While much of Krebs’ work focused on cybersecurity and threats of foreign interference, his expertise in election administration allowed him to assist state and local municipalities with critical infrastructure.
“One of the things that Chris was very passionate about is getting instrumentation in state systems and local municipalities that are running these election systems, so that we would know if they’re being attacked by foreign actors or domestic,” Dmitri Alperovich, co-founder and former chief technology officer of cybersecurity company Crowdstrike, told the PBS NewsHour.
Alperovich worked with Krebs to improve the ability of local election officials to detect and withstand cyberattacks.
“Chris really did an amazing job building relationships with Democrats and Republicans alike in all the 50 states and all the different municipalities out there to build the trust, to allow CISA to come in, to audit those networks, to do penetration testing, to make sure that there’s no vulnerabilities in those networks and to help those election officials secure them,”Alperovich said.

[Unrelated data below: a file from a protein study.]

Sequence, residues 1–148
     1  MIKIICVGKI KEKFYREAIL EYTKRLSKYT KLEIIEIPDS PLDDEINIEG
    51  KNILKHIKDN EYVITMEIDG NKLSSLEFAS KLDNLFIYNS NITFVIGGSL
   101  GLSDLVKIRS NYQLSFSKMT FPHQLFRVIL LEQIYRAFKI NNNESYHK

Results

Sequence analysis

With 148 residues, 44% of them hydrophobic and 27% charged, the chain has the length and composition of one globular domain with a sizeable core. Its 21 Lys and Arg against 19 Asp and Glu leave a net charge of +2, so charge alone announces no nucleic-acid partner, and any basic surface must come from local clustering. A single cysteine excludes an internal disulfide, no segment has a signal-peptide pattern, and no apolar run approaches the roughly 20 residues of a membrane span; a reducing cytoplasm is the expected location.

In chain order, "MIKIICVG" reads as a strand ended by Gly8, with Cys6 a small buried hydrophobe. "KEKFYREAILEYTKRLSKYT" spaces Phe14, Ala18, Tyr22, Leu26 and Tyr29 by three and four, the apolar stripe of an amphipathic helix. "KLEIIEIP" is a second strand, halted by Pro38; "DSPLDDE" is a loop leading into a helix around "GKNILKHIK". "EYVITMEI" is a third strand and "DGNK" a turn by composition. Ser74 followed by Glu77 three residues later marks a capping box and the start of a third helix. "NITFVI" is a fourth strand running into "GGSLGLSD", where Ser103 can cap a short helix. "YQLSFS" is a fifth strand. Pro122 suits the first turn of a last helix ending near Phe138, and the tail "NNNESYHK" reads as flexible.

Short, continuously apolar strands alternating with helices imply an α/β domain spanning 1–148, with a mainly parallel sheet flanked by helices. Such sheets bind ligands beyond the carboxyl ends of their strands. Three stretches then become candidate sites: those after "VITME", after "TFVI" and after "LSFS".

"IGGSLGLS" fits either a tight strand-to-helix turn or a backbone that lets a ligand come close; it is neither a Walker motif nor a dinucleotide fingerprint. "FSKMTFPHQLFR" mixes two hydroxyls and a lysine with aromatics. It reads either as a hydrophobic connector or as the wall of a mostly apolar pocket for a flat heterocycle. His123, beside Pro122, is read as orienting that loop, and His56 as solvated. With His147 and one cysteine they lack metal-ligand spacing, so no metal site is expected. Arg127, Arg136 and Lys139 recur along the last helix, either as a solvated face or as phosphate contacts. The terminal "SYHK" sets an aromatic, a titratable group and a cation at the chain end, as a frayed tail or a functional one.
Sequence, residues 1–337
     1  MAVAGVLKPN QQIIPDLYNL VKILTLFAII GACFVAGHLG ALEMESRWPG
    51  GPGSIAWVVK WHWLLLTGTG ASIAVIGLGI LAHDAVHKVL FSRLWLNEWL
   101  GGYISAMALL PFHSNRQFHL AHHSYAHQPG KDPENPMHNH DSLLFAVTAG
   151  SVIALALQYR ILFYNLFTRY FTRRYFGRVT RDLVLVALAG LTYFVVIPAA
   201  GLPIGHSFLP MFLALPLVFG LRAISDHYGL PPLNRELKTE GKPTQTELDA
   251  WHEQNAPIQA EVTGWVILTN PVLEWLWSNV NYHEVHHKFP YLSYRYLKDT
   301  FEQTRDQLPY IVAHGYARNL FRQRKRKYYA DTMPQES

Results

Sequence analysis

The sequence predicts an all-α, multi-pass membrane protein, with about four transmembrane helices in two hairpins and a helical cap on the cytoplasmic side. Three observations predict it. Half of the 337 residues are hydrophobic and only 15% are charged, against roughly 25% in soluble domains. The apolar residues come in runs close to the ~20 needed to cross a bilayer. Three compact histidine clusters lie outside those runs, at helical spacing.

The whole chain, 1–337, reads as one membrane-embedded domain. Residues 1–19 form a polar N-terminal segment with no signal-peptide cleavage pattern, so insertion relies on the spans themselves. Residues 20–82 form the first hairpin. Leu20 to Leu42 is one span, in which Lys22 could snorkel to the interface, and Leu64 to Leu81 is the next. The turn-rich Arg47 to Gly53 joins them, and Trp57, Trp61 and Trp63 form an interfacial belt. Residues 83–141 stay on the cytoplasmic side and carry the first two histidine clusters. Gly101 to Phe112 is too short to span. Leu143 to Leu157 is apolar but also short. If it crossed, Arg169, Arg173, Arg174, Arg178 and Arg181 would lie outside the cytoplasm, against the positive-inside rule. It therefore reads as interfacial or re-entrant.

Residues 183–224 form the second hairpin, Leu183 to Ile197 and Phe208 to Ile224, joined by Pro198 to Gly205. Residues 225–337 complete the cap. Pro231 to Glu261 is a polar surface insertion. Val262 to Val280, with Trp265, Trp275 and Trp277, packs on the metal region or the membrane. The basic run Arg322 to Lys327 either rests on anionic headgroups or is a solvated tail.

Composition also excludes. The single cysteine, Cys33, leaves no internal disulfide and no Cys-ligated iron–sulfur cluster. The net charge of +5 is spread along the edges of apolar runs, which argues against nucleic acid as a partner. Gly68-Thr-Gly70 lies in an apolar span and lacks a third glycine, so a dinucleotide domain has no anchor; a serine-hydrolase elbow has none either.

Ben Hovland, chairman of the EAC, studies and helps disseminate election system best practices. Like Krebs, Hovland was appointed to his position by Trump, and worked side by side with Krebs leading up to the election.
“Director Krebs deserves an enormous amount of credit for his efforts, for his leadership in the space,” Hovland told the NewsHour. “One of the things that makes working on election issues difficult from the national level is the decentralized nature of our elections. And Director Krebs, I think, did a great job empowering his team to recognize that the 50 states each run elections in their own unique way.”
After meeting with Republicans on Capitol Hill, White House Chief of Staff Mark Meadows was asked about Trump’s decision to fire Krebs.
“I can tell you, as with any personnel decision, they’re a lot more complex than what may be just a headline here,” Meadows said.
But for many lawmakers familiar with the complicated inner workings of election administration and all its facets, Trump’s reasoning seems crystal clear.
In a joint statement, Democratic Reps. Bennie Thompson, who chairs the Committee on Homeland Security, and Lauren Underwood, chairwoman of the Cybersecurity, Infrastructure Protection, and Innovation Subcommittee, put it simply: “Director Krebs put national security ahead of politics and refused to use his position to do the President’s bidding, so the President fired him.”
Editor’s note: This story has been updated to indicate that Alperovich is the former chief technology officer of Crowdstrike.
Courtney Norris is the deputy senior producer of national affairs for the NewsHour. She can be reached at firstname.lastname@example.org or on Twitter @courtneyknorris